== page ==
Jul 24, 1987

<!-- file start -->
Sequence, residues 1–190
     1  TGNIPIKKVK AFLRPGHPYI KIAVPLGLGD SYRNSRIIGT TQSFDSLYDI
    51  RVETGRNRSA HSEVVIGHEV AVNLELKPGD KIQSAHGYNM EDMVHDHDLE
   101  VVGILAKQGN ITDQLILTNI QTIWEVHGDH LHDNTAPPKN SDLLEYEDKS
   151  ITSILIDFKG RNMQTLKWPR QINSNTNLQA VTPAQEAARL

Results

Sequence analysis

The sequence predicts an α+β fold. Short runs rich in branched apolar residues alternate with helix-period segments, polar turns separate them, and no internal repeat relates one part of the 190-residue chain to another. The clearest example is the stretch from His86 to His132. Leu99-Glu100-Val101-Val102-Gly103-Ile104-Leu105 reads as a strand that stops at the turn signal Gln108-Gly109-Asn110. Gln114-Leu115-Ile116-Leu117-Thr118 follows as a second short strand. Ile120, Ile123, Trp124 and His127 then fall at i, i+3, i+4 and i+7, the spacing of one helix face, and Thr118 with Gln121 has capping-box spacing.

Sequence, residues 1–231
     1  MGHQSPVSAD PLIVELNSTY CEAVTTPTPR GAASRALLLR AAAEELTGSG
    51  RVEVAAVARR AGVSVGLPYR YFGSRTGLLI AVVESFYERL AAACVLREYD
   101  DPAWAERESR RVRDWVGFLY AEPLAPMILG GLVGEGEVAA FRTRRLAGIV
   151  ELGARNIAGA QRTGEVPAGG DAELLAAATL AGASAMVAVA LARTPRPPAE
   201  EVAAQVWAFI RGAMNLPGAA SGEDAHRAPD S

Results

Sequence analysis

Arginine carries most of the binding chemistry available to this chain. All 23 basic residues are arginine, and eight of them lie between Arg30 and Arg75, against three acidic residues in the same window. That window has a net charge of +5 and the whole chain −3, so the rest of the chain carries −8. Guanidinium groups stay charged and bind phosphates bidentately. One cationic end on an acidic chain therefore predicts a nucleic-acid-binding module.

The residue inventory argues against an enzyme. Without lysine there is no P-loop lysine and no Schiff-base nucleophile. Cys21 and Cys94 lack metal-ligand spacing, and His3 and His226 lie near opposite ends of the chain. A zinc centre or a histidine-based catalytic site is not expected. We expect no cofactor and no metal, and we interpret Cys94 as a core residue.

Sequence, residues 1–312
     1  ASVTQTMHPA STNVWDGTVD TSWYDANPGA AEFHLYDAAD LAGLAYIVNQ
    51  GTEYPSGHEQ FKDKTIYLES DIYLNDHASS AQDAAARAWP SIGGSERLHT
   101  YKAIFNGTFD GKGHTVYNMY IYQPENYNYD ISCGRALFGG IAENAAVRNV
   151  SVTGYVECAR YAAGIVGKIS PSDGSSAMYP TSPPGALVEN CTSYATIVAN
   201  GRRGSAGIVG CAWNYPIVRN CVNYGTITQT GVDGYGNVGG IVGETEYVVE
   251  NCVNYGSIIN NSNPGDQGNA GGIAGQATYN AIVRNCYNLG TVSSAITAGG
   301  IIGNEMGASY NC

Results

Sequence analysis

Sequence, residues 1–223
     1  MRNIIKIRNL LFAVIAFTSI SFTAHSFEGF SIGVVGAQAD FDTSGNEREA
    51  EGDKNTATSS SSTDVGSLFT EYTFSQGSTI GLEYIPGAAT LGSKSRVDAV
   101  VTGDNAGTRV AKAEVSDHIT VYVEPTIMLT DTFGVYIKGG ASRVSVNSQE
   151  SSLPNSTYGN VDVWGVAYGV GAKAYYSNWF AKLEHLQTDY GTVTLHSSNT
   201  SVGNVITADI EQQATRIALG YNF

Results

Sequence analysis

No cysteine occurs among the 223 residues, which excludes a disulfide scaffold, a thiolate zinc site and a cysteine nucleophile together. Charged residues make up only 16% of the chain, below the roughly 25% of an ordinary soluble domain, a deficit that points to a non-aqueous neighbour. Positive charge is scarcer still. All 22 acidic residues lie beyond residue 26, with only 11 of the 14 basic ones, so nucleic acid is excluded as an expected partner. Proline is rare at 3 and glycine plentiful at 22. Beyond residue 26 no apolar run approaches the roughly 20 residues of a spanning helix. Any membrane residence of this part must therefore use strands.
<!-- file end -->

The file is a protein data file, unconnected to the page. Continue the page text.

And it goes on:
UNCTAD-VII: INTERNATIONAL COOPERATION A MUST FOR COMMODITY PROBLEMS.GENEVA, JULY 23 (IFDA/CHAKRAVARTHI RAGHAVAN) - International cooperation between producers and consumers is an essential and effective instrument to find lasting solutions to the ills of world commodity economy and for short and long-term problems, a paper put forward by the chairman of the commodities Committee, Carlos Perez del Castillo, suggests. In putting forward conclusions and recommendations in the area of policies and measures, the paper underscores the fact of commodity prices in real terms being at the lowest level for half a century, with no prospects of any short and medium term sustained improvement. In the area of international commodity agreements or arrangements (ICAS), the paper recognises the need for better functioning of commodity markets, including avoidance of excessive price instability, highlights the long experience with ICAS as a mechanism for stability, and the new dimensions provided to commodity problems through the Nairobi integrated programme for commodities (IPC). In this light, the paper would have necessary arrangements set in motion for producer-consumer consultations for convening of preparatory meeting on individual commodities on the IPC indicative list, and others that might be agreed upon by producers and consumers. These preparatory meetings are to take account of individual commodity characteristics, the IPC and the 1986 recommendations of the special committee on commodities (on ICAS), and decide on appropriate international actions. On the common fund, it welcomes the signature and indications of early acceptance or ratification by the Soviet Union and Cote DíIvoire, and similar actions by some other countries, and urges all countries that have not yet taken action to do so. Once there are sufficient ratifications, it adds, all efforts should be made by ratifying countries to make the fund operational. In the area of processing, marketing and distribution (PMD), and diversification, the paper recognises horizontal and vertical diversification as an important long-term objective for most third world countries, and calls for intensification of international cooperation to achieve this. It also calls for international assistance in this area, taking fully into account each countryís developments objectives and based on considerations of dynamic comparative advantage, and recognises the linkage between diversification and market access conditions. It notes that the resources of the second account of the common fund would not be sufficient for the PMD and diversification programmes, and these would need sizeable expansion of bilateral and multilateral official resources, as well as private resources including private investment. On the access to markets issue, the paper welcomes the positive signals towards liberalisation of trade in agricultural products and agricultural adjustment in industrialised countries, emanating from the OECD Ministerial communiques and Venice summit. The Uruguay round negotiations on agricultural, tropical and natural resource based products should ensure elimination or substantial reduction of all barriers directly or indirectly affecting such trade, including support measures, export subsidies and other trade-distorting measures, while at the same time ensuring special and preferential treatment for third world countries. It also recognises the growing importance of third world countries as importers of commodities, the continued importance of industrial countries as major markets, and the link between trade liberalisation in commodities and market transparency. The UNCTAD secretariat, it suggests, should provide technical assistance to third world countries in the Uruguay round negotiations, with such assistance oriented towards improving access conditions in industrial country markets for agricultural, tropical and natural resource-based products. UNCTAD should also undertake analyses of the issues and periodically monitor the progress in the Uruguay round. On compensatory financing, the paper recognises commodity related shortfalls in export earnings of third world countries as an important obstacle to their development efforts. The UNCTAD intergovernmental group of experts on this issue, it would have the Conference decide, in making its recommendations should examine the various international options, bearing in mind the balance-of-payments and commodity-related approaches. The former is favoured by the U.S. and other western countries, while the latter is suggested by the G77. The paper takes note of the third world countries stress on strengthening and improving (to facilitate increasing drawings and more appropriate conditionality) in the existing IMF facility, and recognises the value of contractual arrangements in this field as in the EEC/ACP stabbed scheme. It also highlights the desirability of other industrialised countries introducing such schemes, and welcomes Swiss moves in this direction. On the synthetics and substitutes issue, the paper recognises the need to deal with the issue in the broader developmental context, and for programmes to focus on improving competitivity of natural products vis-à-vis synthetics and substitutes. On disposals of non-commercial stocks, it suggests that such disposals should not disrupt commodity markets, and should be done in consultation with producers, and where appropriate commodity organisations. The paper calls for recognition by the Conference of the unique role and competence of UNCTAD in the area of commodities, and reaffirmed "the negotiating, coordinating, monitoring and technical assistance" aspects of UNCTAD activities. The strengthening of such activities, and in particular UNCTADís coordinating role as lead UN organisation on commodity issues, was also emphasised.